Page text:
While it is a standard specified for NFPA 652, a DHA is useful for inspecting the entire facility for hazards. It will help to pinpoint what areas of the facility pose the greatest risks in safety, and help determine how to improve and eliminate those risks which will allow you to make your facility safer and help avoid serious fines and penalties from OSHA.
2. Train Employees in Fire Safety
Training, in general, is critical for employee safety, and especially to help avoid industrial fires. Industrial fire safety training should include general and job-specific safety. Employees should be educated in:
- Causes of fires and explosions
- How they spread
- Spotting hazards
- Handling and storing flammable materials.
- How to prevent fires
Fire prevention should also cover the proper cleaning techniques to ensure that materials like combustible dust do not linger where they can pose a danger. Fire safety training should also include what to do in case of a fire, from extinguishing to safe evacuation of all personnel.
3. Practice Good Housekeeping
The fire safety industry also states that good housekeeping is essential in preventing fires and explosions. OSHA has Good Housekeeping Guidelines that facilities are required to follow by law. These guidelines are for maintaining a clean, safe and sanitary facility. They include:
- Keeping paper and other flammable goods away from electrical and heat sources.
- Keeping flammable products safely contained.
- Reporting problems or issues with equipment as soon as possible.
The use of the correct certified cleaning equipment is also a critical part of OSHA Guidelines. While there are different types of equipment, industrial vacuums are essential to keeping facilities clean, and HafcoVac offers high-quality, certified industrial vacuums ideal for preventing fires and explosions.
Since housekeeping guidelines are mandatory, failure to comply can result in serious fines.
4. Establish a Fire Prevention Plan and Emergency Procedures
It is critical to have a fire prevention plan and emergency fire procedures in place. An industrial fire safety plan needs to cover everything fire-related, and all employees must be educated in the prevention and emergency plans.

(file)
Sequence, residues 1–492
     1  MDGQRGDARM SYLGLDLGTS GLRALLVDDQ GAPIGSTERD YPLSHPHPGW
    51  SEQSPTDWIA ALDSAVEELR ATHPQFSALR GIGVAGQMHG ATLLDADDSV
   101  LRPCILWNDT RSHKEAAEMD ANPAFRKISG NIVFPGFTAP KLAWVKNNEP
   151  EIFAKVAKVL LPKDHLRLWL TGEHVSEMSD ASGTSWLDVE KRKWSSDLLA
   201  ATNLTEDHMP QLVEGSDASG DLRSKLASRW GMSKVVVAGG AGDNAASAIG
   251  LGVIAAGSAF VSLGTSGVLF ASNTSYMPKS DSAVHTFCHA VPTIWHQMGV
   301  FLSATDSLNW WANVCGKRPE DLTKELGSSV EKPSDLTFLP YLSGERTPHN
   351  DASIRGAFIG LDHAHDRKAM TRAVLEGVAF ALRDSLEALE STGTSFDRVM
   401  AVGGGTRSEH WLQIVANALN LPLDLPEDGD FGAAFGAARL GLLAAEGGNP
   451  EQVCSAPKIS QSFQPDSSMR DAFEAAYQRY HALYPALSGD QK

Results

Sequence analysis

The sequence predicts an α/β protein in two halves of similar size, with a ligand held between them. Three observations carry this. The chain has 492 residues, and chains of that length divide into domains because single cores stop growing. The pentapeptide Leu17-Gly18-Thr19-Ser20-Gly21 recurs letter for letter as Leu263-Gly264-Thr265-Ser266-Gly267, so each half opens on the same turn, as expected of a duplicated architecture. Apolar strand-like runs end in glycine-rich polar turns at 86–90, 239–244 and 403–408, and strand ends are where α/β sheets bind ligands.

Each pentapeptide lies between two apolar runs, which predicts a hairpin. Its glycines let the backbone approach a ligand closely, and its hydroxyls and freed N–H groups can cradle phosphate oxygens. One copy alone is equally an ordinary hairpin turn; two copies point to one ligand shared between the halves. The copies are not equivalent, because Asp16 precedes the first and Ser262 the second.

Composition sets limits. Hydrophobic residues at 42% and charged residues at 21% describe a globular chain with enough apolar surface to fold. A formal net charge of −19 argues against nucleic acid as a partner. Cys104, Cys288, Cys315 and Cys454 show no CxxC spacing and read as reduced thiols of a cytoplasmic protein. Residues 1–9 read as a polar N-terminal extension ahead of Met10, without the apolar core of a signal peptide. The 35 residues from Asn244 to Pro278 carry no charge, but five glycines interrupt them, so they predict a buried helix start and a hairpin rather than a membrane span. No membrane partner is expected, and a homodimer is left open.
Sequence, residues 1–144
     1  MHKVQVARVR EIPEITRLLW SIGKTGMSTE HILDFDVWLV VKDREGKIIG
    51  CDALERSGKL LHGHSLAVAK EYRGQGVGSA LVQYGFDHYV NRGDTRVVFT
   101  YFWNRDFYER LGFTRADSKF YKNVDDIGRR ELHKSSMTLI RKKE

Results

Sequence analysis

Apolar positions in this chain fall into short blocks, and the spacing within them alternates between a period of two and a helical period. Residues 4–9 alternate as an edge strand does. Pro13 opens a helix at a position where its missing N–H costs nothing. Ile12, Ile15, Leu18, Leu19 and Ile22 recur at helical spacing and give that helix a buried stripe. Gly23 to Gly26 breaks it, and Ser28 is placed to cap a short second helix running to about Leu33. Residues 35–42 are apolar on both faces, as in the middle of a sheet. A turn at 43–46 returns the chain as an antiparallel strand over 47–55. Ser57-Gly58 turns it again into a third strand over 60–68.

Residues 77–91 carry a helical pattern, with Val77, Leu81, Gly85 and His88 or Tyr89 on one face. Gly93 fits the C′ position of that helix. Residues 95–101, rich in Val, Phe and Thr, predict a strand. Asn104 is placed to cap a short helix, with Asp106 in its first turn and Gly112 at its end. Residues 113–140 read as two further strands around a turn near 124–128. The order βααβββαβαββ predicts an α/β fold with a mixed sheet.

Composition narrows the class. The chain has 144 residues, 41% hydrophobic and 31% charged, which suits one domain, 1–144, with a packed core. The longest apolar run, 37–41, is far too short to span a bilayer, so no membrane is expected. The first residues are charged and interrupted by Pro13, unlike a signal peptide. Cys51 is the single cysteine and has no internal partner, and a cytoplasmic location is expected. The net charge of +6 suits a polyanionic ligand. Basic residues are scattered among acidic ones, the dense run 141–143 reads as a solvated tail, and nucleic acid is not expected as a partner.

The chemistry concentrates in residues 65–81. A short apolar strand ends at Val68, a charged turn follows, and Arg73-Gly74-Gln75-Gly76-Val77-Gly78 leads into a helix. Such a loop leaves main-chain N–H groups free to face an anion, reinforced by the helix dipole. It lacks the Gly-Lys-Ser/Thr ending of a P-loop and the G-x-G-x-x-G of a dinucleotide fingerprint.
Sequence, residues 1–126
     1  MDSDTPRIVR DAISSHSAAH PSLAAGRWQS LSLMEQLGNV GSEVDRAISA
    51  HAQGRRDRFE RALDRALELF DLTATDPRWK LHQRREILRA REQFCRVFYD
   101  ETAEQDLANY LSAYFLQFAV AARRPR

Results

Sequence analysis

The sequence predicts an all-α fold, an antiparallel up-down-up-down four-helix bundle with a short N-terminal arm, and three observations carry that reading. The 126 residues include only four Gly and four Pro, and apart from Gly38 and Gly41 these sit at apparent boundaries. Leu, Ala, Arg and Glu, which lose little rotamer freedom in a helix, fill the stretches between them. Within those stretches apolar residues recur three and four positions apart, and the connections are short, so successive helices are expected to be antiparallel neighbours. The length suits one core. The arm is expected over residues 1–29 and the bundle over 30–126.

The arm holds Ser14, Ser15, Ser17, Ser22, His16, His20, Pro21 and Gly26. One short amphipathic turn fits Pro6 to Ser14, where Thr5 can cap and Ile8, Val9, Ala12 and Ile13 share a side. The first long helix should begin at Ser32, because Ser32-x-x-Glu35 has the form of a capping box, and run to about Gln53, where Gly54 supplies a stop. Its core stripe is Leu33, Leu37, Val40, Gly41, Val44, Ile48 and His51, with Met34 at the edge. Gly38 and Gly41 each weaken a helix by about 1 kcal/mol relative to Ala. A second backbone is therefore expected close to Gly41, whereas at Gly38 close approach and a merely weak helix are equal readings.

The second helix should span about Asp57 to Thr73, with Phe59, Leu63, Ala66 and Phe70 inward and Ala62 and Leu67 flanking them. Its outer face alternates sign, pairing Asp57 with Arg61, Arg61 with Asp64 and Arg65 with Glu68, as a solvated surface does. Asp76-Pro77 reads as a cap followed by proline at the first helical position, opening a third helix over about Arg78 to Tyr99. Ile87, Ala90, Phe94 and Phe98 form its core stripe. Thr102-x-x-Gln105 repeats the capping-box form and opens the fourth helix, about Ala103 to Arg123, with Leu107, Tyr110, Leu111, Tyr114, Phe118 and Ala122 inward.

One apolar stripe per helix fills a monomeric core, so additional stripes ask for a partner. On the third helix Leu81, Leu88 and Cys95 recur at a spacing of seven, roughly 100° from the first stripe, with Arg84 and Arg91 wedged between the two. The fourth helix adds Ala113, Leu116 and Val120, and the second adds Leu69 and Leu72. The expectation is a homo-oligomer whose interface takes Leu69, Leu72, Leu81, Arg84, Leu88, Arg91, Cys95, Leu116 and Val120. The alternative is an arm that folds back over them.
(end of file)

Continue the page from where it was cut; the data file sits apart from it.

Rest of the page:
It should include a detailed evacuation plan that explains what employees should do and where they should go in case of an industrial fire. The plan should be accessible to everyone, and it should be practiced so that employees can better understand what they should do in such situations.
It is also vital to keep these plans and procedures up-to-date and always update employees on the procedures.
5. Inspect and Maintain Your Equipment and Facility
Poorly maintained equipment is a large factor in industrial fires and explosions. A major part of what the fire safety industry calls for is inspecting and maintaining all equipment within the facility.
Regularly scheduled checks and maintenance need to be done to ensure the equipment works properly and efficiently. Any motors or moving parts should be lubricated to ensure there is no friction that can lead to sparking and fires.
Inspections should be done at least twice a year — or more, for frequently used equipment — and it should cover all parts of the facility, including sprinklers and fire extinguishers. Any needed repairs should be done immediately.
Preventing Industrial Fires and Explosions
While industrial fires and explosions are unfortunately very common, they are usually entirely preventable. There are many potential risks, and when combined, like hot work and combustible dust, those risks become more serious. Preventing fires is critical to fire safety for industrial facilities. It helps to prevent serious incidents within the facility and also avoids fines and penalties from OSHA.
The steps above are some of the most critical preventive measures you need to take in order to meet the standards of OSHA and keep your facility safe.
To help keep your facility clean and up to code, get in touch with HafcoVac for more information on explosion-proof vacuums.